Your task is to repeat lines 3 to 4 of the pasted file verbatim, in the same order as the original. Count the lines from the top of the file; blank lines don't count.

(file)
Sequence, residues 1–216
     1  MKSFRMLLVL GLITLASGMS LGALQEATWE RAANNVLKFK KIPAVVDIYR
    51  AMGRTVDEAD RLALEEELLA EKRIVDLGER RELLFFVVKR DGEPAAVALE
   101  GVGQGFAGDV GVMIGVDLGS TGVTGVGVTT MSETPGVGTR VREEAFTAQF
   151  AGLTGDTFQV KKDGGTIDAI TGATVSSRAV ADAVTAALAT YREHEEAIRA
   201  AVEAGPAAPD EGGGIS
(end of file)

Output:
    51  AMGRTVDEAD RLALEEELLA EKRIVDLGER RELLFFVVKR DGEPAAVALE
   101  GVGQGFAGDV GVMIGVDLGS TGVTGVGVTT MSETPGVGTR VREEAFTAQF